Earth Is Getting Greener — But How?

World Is Getting Greener Led By the Efforts from India and China — NASA

India and China are helping the world towards getting greener. Continuous tree-planting programs and intensive agriculture in both countries, has mapped a way towards a greener economy, according to a report from NASA. The world is getting literally greener than two decades ago, the study published in the latest edition in Nature Sustainability on Monday said.

It showed that at least 25% of the global foliage expansion since the early 2000s came from India, following China. In 2017 alone, India broke its own world record — the most trees planted after volunteers gathered to plant 66 million saplings in a span of 12 hours.

Rama Nemani, a research scientist at NASA’s Ames Research Center and a co-author of the study said, “When the greening of the Earth was first pictured, we thought it was due to a warmer, wetter climate and fertilization from the added carbon dioxide in the atmosphere.”

But with data from NASA’s Terra and Aqua satellites, scientists realized that humans are significantly contributing, especially in India and China. “Humans are incredibly resilient. That’s what we see in the satellite data,” said Nemani.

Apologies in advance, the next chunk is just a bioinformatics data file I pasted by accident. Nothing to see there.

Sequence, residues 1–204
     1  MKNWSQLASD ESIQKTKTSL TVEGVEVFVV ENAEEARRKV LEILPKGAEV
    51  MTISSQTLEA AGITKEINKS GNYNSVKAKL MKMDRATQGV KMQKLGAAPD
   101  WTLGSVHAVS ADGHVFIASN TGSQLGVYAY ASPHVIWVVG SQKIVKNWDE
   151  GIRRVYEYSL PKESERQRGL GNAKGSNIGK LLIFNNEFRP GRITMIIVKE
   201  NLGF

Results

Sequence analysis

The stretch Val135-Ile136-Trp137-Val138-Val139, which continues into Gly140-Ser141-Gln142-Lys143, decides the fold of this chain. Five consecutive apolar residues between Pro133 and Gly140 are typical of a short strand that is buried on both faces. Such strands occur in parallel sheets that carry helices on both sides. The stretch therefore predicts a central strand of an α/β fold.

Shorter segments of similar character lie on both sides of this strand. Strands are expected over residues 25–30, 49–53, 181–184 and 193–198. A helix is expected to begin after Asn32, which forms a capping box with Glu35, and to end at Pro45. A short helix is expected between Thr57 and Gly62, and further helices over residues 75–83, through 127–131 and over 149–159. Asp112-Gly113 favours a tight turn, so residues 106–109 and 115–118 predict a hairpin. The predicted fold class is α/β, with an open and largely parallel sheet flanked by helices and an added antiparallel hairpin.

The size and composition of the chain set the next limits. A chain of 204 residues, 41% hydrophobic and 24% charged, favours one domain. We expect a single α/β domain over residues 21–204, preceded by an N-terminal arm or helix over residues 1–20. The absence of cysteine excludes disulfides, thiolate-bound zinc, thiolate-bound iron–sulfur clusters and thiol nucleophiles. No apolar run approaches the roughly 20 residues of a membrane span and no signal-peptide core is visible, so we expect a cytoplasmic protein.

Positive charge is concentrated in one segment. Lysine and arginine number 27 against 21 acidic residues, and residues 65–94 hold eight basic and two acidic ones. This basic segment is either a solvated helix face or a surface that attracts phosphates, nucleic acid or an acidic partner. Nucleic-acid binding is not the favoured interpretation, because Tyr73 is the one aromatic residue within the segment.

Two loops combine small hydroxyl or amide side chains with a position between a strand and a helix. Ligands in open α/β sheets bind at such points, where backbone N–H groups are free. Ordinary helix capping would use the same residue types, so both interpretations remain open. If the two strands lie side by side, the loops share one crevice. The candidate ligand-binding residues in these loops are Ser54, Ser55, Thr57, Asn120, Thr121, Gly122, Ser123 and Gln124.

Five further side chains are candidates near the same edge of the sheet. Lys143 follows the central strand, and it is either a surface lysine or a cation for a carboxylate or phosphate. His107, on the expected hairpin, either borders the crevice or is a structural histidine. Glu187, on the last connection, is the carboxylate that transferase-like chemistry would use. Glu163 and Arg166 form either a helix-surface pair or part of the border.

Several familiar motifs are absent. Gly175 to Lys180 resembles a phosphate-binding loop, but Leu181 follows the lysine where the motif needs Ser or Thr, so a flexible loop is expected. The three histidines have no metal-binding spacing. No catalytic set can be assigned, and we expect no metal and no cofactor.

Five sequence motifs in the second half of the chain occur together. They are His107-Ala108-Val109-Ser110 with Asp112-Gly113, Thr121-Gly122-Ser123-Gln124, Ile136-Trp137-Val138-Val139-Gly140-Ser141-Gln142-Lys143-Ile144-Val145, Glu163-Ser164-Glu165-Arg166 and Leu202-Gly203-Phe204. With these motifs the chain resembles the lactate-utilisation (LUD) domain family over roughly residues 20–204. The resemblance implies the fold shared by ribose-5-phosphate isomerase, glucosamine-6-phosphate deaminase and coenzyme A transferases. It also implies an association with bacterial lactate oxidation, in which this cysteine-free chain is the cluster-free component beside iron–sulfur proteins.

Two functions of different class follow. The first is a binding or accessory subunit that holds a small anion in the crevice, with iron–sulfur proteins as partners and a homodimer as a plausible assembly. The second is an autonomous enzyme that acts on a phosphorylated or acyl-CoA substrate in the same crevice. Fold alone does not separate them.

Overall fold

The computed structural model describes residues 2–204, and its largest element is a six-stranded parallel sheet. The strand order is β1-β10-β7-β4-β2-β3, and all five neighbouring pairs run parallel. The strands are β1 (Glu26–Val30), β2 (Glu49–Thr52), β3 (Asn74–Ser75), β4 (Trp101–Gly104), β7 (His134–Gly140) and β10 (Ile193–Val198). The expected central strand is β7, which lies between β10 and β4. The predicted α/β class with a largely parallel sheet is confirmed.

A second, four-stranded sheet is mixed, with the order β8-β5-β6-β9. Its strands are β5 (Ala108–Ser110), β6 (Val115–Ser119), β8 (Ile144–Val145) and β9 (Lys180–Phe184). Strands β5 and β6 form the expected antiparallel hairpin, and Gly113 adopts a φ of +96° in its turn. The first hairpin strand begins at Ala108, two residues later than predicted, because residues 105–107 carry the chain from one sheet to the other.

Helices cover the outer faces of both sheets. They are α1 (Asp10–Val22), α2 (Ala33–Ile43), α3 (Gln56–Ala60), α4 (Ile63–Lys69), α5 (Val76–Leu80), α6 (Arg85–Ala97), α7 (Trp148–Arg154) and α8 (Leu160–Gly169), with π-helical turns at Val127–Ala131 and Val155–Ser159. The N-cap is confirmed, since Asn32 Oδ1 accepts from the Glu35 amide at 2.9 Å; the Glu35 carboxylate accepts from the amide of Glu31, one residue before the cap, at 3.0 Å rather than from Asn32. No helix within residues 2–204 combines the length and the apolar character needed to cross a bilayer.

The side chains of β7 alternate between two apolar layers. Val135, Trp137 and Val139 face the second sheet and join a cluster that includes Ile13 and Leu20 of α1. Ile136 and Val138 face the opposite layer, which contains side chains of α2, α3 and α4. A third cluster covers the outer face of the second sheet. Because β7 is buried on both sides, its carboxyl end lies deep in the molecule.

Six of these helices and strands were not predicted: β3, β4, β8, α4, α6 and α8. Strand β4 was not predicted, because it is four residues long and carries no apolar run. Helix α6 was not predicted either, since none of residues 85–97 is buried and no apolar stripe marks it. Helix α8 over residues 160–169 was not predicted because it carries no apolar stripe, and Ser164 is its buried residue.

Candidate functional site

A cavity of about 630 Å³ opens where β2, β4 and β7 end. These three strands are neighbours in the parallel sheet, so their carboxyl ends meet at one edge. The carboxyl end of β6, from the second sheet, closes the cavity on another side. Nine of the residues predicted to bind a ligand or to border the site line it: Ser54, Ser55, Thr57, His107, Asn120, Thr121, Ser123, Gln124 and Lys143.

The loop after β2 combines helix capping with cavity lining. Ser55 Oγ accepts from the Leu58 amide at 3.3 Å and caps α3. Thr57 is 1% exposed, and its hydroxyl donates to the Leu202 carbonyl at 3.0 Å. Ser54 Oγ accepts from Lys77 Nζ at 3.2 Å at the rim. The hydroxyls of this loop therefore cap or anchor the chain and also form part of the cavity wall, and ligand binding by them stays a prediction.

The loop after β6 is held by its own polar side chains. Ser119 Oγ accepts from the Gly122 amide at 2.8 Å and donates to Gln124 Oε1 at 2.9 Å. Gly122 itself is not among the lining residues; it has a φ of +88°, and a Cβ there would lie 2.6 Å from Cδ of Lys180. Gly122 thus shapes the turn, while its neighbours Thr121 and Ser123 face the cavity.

“Both the Asian countries, China and India account for one-third of the greening, but contain only 9% of the planet’s land area,” said lead author Chen Chi of Boston University.

The new insight was made possible by a nearly 20-year-long data record from a NASA instrument orbiting the Earth on two satellites, which is known as Moderate Resolution Imaging Spectroradiometer, or MODIS. The high-resolution MODIS data provides exact information, helping researchers work out details of what’s happening with Earth, down to the level of 500 meters on the ground.

The land area used to grow crops in the two nations have significantly increased including their annual total green leaf area and their food production. However the greening trend may change in the future depends on numerous factors, such as the global scale and the human level in these countries.

Nemani explained that increased food production in India is facilitated by groundwater irrigation so in case groundwater is depleted or exhausted, the trend may change. “But, a human is an influencer in the key driver of the Greener Earth, we need to factor this into our climate models,” Nemani said.

“This will help scientists make better predictions about the behavior of different Earth systems and any change in trends that would result in the greener production. Also, it will help countries make better decisions about how and when to take action.”

The researchers, also noted that the gain in greenness does not offset the damage that has happened with the loss of natural vegetation in tropical regions, such as Brazil and Indonesia.


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